I guess i can work on this a little bit from transpose point of view.
let's say your original matrix is 10,000x10,000. Suppose you want to
number the rows in parallel.
You still can have 10 hypothetical reducers which , assuming uniform
distribution of original mapper output, will send the data to 10
reducers and so each reducer will be processing approximately 1,000
rows.
now you can have ith reducer to output ids sequentially in the range
of say i*100,000...(i+1)*100,000
so the output will be Distributed row matrix with potential height of
up to 1,000,000 rows but the number of actuall rows will still be
10,000, so it is technically tall but has huge zero bands of missing
rows.
when you transpose, that will result in sparse sequential vectors that
will not actually have 1m elements in that but still just 10,000
nonzero elements albeit it will have to encode the 'gaps' of zero
elements, so there will be some space overhead for that  but it's
too small compared to what 10k nonzero elements would occupy.
So what i am trying to say that either pretransposed input or
transposed output will not increase in size or flops just because your
numbering is not strictly sequential .
d
On Thu, May 5, 2011 at 10:21 AM, Dmitriy Lyubimov <dlieu.7@gmail.com> wrote:
>> though to be frank, I don't understand your second paragraph i.e, how
>> turning the vectors into sparse vectors will enable me to do transpose in a
>> easier fashion without resorting to doing it manually), however, I suppose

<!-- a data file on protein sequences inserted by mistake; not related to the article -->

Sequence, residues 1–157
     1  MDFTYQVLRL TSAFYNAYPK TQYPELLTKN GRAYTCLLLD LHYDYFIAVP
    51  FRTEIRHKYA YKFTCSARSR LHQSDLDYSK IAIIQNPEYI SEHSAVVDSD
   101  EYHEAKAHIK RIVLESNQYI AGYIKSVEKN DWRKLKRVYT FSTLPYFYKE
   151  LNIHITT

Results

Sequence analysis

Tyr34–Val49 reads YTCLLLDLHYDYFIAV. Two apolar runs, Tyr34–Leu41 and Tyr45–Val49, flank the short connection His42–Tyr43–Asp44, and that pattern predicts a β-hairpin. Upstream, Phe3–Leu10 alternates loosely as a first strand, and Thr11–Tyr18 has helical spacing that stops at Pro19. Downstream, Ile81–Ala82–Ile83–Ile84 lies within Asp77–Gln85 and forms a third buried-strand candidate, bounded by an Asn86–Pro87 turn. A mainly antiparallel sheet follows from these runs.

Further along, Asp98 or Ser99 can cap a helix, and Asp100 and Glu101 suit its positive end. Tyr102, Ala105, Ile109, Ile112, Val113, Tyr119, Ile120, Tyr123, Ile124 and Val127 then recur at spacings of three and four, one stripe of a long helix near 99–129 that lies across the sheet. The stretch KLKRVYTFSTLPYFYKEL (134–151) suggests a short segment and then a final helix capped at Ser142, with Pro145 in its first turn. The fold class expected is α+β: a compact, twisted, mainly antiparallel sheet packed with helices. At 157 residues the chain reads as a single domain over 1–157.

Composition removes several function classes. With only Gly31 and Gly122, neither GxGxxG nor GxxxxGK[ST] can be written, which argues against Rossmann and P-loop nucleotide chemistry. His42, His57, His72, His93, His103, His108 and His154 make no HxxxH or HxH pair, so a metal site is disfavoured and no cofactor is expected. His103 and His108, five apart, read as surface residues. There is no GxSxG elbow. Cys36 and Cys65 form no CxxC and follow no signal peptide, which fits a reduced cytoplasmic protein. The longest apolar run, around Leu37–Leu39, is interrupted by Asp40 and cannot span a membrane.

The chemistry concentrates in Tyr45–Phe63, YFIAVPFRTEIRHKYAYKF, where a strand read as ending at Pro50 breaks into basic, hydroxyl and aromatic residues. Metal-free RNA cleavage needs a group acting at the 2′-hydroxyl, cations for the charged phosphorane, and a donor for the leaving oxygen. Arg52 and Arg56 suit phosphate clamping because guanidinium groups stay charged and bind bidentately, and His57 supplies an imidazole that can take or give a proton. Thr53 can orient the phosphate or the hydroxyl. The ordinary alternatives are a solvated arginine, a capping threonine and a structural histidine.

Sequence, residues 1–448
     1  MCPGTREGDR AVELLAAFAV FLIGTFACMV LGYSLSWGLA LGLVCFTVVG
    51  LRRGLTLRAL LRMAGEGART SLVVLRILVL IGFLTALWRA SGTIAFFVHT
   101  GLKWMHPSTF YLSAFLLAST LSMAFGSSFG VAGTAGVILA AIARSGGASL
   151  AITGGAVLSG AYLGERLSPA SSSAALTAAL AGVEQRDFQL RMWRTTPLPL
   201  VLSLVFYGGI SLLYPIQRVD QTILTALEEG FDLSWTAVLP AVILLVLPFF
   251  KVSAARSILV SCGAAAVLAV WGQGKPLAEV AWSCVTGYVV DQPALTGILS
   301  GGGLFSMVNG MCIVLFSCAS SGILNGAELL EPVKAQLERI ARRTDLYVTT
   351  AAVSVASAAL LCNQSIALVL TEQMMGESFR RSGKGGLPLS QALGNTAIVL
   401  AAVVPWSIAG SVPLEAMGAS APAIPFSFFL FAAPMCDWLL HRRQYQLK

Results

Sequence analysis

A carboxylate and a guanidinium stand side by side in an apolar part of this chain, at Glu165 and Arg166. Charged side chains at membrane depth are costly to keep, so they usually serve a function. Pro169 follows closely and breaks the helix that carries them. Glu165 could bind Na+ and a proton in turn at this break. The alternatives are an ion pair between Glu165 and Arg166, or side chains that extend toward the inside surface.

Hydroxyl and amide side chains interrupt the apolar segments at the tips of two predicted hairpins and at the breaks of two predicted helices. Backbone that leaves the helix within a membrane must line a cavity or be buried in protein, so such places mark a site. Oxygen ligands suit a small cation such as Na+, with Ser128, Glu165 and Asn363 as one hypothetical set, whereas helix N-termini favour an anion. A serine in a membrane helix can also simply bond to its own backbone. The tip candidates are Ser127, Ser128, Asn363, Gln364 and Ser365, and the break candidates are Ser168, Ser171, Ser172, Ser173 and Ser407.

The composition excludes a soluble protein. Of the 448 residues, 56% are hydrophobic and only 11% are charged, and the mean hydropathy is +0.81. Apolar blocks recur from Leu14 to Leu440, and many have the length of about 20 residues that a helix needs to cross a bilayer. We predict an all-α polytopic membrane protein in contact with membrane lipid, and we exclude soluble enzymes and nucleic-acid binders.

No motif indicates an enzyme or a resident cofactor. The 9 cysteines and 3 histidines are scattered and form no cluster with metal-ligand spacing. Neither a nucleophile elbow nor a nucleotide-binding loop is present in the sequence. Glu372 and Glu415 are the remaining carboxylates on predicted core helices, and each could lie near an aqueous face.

>> the purpose of the DRM format was to make step 5,6 much easier so I guess I
>
> What i meant, since you can use sparse vectors, you don't have to
> number them strictly sequentially with one reducer. You still might
> have several reducers that would number them sequentially within just
> single reducer's range but not universally and it still will not be
> detrimental from the problem size point of view.
>
> d
>
>>
>>
>> Thanks again!
>>
>>
>>
>> On Thu, May 5, 2011 at 9:40 AM, Dmitriy Lyubimov <dlieu.7@gmail.com> wrote:
>>
>>> I think first step is to decide on pipeline of algorithms. Once u know the
>>> algorithms u want to run thru, it would be easier to come up with
>>> vectorization requirements.
>>>
>>> That said, for the sake of trasposition, note that mahout supports sparse
>>> vectors, I. e. It doesn't matter what the element index is, for as long as
>>> it unique, only how many nonzero elements, does. So I don't think that u
>>> are
>>> per se constrained in number of reducers during vectorization for
>>> transpose.
>>> That would have been pretty scale restricting, indeed.
>>>
>>> apologies for brevity.
>>>
>>> Sent from my android.
>>> Dmitriy
>>> On May 5, 2011 6:58 AM, "Vckay" <darkvckay@gmail.com> wrote:
>>>
>>
>